What do we know about the Equifax data breach?

I shared my initial thoughts about the Equifax data breach in this post from Sept. 8, 2017.  And here is the recording from my WCCO Radio interview with Jordana Green and Paul Douglas.  What follows is an update as of Sept. 11, 2017.

(As of Sept. 14, 2017, this original post is now obsolete, but I’m leaving it intact to preserve the sequence of when we learned key facts. See the bottom for updates from Sept. 13, and Sept. 14 2017.)

The Equifax data breach announcement came on on Sept. 7, 2017.  As of Sept. 11, we still have few facts.  But we do have a tantalizing blog post from a news outlet named Quartz.  Check out this article.

The Quartz article references a Baird Equity Research report about how the breach will effect Equifax stock.  Here is the report.  This key sentence in the report is at the heart of lots of speculation:

Our understanding is data retained by EFX primarily generated through consumer interactions was breached via the Apache Struts flaw…

Apache Struts is a software framework for building Java applications. Struts has had two vulnerabilities recently. One was reported and patched in March, the other on Sept. 4.

Here is another article about Apache Struts from ZDnet.

And now speculation. The Equifax data breach announcement said the attack exploited a website flaw, but I can find no other details beyond that.  The Baird Equity Research report above is not clear about which Struts vulnerability, and doesn’t cite a source.

A few possible scenarios play out here. In the first scenario, Equifax never applied the patch for the March vulnerability and bad guys romped through its systems for two months undetected. This scenario is Equifax’s fault.

In the second scenario, bad guys discovered the new vulnerability before good guys found it. The patch didn’t come until Sept. 4. Smart bad guys could have easily covered their tracks while romping across the Equifax network, such that no automation looking for suspicious patterns would have uncovered it. Somehow, Equifax found the invasion on July 29. Under this scenario, the long wait for disclosure might make sense because there was no fix available until Sept. 4, and Equifax disclosed the breach Sept. 7.

I find this scenario hard to believe because five weeks – from July 29 until Sept. 4 – is a long time for anyone to fix a reported software vulnerability, especially one already in the wild.  The best open source developers pride themselves on great workmanship, and taking five weeks to patch a security flaw is inconceivable. Here is what the Apache Software Foundation had to say about Apache Struts and Equifax.

And the third scenario puts it right back on Equifax – maybe Apache Struts isn’t relevant, since we don’t know where the Baird Equity Research report got its information.

Let’s not rush to judgement yet because there is one credible scenario where Equifax disclosed this thing properly and is not culpable for the breach. I wrote a blog post about how proper disclosure should work right here.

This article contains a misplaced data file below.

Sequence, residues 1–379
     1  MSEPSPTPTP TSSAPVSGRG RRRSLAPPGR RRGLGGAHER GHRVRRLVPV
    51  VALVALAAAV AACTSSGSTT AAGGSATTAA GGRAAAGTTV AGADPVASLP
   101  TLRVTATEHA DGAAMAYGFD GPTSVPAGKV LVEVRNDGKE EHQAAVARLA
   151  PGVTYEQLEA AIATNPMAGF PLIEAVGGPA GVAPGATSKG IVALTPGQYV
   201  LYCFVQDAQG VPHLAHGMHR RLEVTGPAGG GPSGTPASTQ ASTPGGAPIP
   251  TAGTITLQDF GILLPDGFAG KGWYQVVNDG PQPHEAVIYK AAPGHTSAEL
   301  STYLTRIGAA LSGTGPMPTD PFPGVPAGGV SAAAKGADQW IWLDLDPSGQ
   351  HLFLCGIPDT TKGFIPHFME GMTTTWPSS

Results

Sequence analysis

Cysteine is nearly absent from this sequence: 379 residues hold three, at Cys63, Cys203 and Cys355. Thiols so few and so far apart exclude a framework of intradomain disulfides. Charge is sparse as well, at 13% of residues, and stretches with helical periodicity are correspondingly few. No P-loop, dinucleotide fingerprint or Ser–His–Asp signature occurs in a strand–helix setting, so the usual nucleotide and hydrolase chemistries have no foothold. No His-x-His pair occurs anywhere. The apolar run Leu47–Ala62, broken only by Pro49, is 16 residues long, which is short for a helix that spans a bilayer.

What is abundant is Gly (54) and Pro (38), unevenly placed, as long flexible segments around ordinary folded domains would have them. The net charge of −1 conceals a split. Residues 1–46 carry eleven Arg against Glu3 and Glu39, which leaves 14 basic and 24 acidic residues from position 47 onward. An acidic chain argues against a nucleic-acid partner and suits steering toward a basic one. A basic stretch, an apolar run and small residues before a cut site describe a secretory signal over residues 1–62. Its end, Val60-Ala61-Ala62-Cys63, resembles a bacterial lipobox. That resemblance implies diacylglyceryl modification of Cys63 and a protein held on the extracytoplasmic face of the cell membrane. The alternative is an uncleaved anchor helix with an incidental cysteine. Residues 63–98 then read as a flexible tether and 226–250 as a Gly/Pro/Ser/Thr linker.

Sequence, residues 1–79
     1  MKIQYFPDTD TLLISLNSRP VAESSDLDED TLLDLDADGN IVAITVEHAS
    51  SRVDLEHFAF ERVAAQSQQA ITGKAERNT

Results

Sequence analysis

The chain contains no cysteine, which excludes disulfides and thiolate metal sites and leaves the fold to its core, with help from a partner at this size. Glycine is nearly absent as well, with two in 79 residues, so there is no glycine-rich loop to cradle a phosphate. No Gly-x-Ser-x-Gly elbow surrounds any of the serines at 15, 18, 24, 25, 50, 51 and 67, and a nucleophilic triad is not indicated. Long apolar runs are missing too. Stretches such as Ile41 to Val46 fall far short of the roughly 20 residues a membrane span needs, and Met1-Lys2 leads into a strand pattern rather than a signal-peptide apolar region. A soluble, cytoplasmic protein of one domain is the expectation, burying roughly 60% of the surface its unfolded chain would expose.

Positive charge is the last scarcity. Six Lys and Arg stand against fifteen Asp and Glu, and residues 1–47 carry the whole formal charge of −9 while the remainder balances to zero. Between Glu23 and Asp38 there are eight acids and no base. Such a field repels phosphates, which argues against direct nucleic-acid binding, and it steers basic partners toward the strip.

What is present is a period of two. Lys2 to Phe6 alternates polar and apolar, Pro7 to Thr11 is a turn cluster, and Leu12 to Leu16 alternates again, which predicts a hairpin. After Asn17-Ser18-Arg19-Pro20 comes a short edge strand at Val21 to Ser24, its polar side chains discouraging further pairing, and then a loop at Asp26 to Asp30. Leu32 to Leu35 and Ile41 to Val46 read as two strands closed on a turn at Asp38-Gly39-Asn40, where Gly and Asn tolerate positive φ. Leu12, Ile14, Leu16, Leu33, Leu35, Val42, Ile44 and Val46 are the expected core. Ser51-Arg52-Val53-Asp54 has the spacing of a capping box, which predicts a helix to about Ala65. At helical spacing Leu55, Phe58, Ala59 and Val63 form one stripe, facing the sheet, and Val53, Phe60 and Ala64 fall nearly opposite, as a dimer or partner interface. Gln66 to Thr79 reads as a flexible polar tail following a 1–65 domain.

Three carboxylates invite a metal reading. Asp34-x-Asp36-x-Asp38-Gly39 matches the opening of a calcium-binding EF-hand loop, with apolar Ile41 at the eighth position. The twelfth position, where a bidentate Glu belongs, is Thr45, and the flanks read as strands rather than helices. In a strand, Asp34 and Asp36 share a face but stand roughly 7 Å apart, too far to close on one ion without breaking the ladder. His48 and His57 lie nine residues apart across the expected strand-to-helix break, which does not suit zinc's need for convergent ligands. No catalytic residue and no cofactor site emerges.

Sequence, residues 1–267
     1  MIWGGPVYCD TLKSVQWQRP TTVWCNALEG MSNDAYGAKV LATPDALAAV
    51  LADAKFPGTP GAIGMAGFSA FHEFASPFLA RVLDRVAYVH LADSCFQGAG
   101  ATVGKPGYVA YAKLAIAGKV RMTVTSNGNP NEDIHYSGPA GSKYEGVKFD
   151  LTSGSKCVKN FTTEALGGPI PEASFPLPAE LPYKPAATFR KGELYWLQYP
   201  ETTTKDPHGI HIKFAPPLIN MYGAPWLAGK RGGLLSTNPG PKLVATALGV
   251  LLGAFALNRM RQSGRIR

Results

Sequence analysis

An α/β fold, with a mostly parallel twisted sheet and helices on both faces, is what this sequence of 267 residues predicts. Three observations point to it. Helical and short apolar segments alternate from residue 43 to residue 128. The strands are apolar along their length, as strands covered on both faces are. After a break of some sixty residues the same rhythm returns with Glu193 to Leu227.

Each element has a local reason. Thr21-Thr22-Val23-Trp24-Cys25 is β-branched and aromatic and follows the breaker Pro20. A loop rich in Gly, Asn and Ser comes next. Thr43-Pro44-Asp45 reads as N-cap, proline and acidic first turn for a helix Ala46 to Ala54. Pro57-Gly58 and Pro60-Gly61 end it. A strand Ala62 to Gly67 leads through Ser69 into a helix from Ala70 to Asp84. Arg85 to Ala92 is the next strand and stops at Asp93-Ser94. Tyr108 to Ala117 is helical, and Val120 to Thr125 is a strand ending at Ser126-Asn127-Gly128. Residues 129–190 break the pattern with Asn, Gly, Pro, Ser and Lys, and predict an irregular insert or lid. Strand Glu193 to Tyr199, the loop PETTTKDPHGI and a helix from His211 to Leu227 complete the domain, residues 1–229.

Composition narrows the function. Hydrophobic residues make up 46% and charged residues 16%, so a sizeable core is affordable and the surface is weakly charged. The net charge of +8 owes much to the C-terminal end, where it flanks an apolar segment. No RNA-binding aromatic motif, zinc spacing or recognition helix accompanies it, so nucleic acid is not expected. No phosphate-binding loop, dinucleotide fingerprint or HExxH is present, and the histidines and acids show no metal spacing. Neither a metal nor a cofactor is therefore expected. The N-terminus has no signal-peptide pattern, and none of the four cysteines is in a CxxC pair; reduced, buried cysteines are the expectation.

But if Equifax wants to salvage its credibility, then the people with first-hand knowledge need to share what they know about what happened.

Update Wednesday, Sept. 13, 2017

USA Today reported yesterday that Equifax itself said an Apache Struts vulnerability was the attack vector.  But the article does not tell who from Equifax said it, which is frustrating. Here is the relevant paragraph.

On Tuesday, credit reporting company Equifax told USA TODAY the breach was due to an Apache Struts vulnerability. Apache Struts is free, open-source software used to create Java web applications. Several vulnerabilities have been reported, all since patched, but Equifax has not said which one was involved in this breach.

Update Thursday, Sept. 14, 2017

Equifax blew it.  Heads need to roll.  Scenario one above is what happened.  Equifax failed to patch the March Apache Struts vulnerability and allowed attackers to rampage through its network for two months.

The articles quoting the Equifax update are everywhere.  See this ZDnet article and this Ars Technica article.  Their source is the infamous EquifaxSecurity2017.com site. Click on the Sept. 13, 2017 progress update for consumers.

“The vulnerability was Apache Struts CVE-2017-5638. We continue to work with law enforcement as part of our criminal investigation, and have shared indicators of compromise with law enforcement.”

Let’s summarize.  The people in charge at Equifax learned about the problem on July 29, but didn’t report it until September 7.  A week later, on September 14, after bungling the response they spent five weeks preparing, and only in the face of an uproar, they finally told us which vulnerability the attackers exploited. But they knew all along which vulnerability it was.  Why not report it in the first disclosure?

It gets worse. Three senior executives sold Equifax stock after discovering the breach and before the public announcement. Here’s an extract from this MarketWatch story:

As first reported by Bloomberg NewsChief Financial Officer John Gamble banked $946,374 on the sale, U.S. Information Solutions President Joseph Loughran made $584,099 and Consumer Information Solutions President Rodolfo Ploder earned $250,458. In the same filing, Loughran exercised an option to buy 3,000 shares at a price of $33.60.

Look closely at those titles.  Chief Financial Officer, US Information Solutions President, and Consumer Information Solutions President.  Equifax claims these senior executives had no idea somebody stole the data they were in charge of protecting when they sold their stock.  If true, these folks are incompetent.  If false, they’re crooks.